“No big event kicks Driven into gear. Nobody is a celebrity. There is no specific wrong to be righted, no particular injustice to be exposed. Indeed, Di Cintio consciously abjures the best-known tropes of cab driving … Instead, he sticks to wanting to know about cab drivers, and this impulse—plain, old-fashioned inquisitiveness—is a journalistic force not to be underestimated.”

Get your copy of Driven today from Biblioasis!



White Shadow coverRoy Jacobsen’s White Shadow (April 6, 2021) was featured by the New York Times in their list “The Ultimate Summer Escape: Historical Fiction”! The list was published on May 27, 2021. You can read the article on their website here.

Reviewer Alida Becker wrote,

“The heroine of Roy Jacobsen’s White Shadow knows every inch of her home turf, a tiny island off the coast of northern Norway that her people have inhabited for generations … The novel’s account of Ingrid’s experience of World War II is unsettlingly easy to follow.”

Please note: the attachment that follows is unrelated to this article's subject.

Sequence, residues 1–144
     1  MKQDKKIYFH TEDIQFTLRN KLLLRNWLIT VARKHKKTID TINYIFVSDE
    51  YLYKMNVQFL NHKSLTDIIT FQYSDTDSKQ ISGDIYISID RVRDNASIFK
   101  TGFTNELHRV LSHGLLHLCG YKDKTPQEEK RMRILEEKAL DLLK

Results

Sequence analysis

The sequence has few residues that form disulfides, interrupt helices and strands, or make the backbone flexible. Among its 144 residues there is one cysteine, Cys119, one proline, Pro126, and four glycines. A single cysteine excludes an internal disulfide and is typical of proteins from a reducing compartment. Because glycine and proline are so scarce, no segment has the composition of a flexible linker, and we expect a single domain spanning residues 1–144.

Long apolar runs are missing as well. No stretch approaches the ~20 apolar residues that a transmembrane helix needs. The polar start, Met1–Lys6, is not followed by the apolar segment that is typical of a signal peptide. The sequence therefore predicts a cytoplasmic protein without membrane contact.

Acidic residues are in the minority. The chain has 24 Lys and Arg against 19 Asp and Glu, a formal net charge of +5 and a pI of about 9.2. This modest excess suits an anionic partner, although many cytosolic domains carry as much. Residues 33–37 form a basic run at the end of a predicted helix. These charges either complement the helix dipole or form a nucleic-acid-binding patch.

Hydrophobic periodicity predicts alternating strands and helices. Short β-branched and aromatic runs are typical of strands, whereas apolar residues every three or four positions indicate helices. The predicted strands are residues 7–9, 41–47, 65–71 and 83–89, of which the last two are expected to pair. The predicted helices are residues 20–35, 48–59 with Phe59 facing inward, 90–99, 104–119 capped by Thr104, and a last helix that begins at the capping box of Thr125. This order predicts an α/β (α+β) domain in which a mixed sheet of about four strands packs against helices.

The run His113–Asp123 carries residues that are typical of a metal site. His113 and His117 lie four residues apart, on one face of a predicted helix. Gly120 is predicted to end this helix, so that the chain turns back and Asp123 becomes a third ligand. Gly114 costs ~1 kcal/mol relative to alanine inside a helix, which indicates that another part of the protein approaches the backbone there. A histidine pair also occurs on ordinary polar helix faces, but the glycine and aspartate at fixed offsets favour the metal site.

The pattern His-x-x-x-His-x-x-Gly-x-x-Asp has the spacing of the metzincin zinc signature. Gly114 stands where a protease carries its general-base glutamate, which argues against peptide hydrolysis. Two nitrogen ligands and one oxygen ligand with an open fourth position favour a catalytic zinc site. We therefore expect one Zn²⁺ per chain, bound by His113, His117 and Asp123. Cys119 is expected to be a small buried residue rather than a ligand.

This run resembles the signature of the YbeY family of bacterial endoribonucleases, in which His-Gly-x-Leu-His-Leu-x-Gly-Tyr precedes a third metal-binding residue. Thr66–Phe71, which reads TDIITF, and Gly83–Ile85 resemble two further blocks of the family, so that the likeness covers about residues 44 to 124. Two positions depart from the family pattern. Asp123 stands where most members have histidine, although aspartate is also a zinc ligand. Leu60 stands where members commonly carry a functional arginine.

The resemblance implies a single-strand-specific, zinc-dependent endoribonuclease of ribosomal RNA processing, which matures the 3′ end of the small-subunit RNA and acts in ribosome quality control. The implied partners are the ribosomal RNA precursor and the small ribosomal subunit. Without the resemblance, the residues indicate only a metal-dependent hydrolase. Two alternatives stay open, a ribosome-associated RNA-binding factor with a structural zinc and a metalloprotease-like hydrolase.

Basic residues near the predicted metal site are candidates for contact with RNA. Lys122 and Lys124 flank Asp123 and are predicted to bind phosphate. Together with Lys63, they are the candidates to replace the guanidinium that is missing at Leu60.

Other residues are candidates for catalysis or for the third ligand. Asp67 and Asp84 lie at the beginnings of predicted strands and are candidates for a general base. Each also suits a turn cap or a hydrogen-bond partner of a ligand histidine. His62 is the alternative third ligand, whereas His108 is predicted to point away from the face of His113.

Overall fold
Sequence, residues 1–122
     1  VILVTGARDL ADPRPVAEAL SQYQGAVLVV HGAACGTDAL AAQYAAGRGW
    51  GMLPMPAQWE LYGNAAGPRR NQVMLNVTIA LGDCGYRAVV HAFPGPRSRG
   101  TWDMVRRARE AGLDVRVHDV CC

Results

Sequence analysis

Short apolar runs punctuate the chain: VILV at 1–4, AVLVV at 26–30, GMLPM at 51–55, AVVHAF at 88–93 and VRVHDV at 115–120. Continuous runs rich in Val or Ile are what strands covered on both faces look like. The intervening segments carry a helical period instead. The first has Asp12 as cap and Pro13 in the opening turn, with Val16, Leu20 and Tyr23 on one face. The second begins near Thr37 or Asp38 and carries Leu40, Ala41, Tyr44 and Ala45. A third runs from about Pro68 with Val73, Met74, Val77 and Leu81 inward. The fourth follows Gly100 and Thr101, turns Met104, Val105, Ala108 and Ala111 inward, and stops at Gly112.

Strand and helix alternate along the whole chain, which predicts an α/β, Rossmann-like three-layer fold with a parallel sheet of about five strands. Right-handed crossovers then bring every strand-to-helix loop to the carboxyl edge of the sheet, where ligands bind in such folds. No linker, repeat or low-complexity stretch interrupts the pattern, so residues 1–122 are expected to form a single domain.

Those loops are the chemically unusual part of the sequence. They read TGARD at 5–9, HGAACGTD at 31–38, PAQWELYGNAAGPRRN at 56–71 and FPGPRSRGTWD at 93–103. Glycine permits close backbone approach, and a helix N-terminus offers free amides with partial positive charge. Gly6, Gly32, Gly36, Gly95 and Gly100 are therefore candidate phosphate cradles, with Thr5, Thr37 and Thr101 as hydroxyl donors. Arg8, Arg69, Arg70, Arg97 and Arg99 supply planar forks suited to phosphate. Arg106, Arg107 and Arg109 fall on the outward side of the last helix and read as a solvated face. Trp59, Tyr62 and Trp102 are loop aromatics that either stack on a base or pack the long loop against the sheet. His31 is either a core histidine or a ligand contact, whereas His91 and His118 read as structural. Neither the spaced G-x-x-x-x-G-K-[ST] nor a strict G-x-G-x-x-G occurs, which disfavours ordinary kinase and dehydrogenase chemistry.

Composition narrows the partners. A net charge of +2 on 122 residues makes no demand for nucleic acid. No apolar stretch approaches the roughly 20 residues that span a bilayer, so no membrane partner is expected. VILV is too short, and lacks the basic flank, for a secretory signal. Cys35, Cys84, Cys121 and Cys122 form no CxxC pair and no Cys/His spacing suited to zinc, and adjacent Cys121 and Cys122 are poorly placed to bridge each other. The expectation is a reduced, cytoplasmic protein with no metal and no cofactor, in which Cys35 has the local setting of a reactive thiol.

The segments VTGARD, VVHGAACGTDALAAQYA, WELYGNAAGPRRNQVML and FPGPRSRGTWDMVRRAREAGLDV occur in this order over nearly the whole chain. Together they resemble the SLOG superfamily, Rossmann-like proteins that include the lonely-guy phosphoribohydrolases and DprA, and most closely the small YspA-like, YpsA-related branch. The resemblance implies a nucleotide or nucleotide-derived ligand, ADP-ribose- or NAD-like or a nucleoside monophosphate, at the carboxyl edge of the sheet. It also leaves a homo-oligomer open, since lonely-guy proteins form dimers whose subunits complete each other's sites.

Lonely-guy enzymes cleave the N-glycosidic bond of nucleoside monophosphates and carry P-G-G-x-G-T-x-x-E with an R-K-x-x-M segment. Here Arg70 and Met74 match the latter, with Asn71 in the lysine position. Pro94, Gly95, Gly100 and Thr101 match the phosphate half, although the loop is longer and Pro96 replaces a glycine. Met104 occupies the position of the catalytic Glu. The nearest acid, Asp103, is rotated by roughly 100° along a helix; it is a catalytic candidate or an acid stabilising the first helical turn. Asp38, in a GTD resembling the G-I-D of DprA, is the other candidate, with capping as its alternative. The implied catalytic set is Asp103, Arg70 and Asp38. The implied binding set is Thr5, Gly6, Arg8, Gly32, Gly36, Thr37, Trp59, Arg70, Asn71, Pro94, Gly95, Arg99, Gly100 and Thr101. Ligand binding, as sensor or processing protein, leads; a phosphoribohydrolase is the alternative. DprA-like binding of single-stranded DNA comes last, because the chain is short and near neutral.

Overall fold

On June 1, 2021, White Shadow was the featured novel at Interabang Books’ (Dallas, TX) June Book Club meeting. The book club was highlighted by PaperCity Magazine in their list “The Best Event Series to Catch for a Dallas Summer Well Spent”. The list was published on May 26, 2021, and you can read it on their website here.

Grab your copy of White Shadow from Biblioasis!


DRIVEN: Leading Up To The Launch

It’s launch day for Marcello Di Cintio’s Driven: The Secret Lives of Taxi Drivers here at Biblioasis! We’re taking a look back at some of the latest in news leading up to tonight’s launch, from interviews to twitter takeovers.

Marcello Di Cintio was interviewed about Driven in the Calgary Herald! The article was published in their print issue and online on April 30, 2021. You can read it on their website here.

Eric Volmers wrote:

“Fascinating … Nuanced … In Driven, Di Cintio stayed in his own country and paid close attention to the men and women most of us take for granted. Most were immigrants. Many came from war-torn nations. Many were what Di Cintio calls ‘chess masters of their own lives,’ possessing a genius and ingenuity that few of us recognize.”